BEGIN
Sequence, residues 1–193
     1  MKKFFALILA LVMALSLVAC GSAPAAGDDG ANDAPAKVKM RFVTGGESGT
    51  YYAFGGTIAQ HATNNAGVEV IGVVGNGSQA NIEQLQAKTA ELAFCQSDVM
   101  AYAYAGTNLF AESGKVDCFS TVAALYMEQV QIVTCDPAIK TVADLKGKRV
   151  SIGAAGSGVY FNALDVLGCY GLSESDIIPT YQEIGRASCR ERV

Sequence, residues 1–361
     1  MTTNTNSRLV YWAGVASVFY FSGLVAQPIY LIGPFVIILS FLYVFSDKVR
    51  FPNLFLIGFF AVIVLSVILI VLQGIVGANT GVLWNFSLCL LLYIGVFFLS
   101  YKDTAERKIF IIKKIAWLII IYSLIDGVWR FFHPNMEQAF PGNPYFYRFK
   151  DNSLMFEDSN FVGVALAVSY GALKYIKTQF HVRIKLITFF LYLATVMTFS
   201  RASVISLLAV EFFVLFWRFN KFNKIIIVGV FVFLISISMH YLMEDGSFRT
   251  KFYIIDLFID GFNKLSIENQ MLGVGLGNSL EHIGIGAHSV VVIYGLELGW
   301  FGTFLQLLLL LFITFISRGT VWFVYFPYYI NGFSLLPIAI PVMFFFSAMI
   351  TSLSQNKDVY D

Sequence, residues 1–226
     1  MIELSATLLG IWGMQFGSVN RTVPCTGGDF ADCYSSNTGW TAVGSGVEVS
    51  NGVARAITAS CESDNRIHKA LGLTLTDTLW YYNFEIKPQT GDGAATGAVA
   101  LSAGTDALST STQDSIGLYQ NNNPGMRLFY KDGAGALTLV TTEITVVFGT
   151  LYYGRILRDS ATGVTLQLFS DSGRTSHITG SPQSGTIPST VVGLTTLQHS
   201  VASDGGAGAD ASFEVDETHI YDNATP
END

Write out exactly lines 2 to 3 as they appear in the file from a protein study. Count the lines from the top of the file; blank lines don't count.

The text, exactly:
     1  MKKFFALILA LVMALSLVAC GSAPAAGDDG ANDAPAKVKM RFVTGGESGT
    51  YYAFGGTIAQ HATNNAGVEV IGVVGNGSQA NIEQLQAKTA ELAFCQSDVM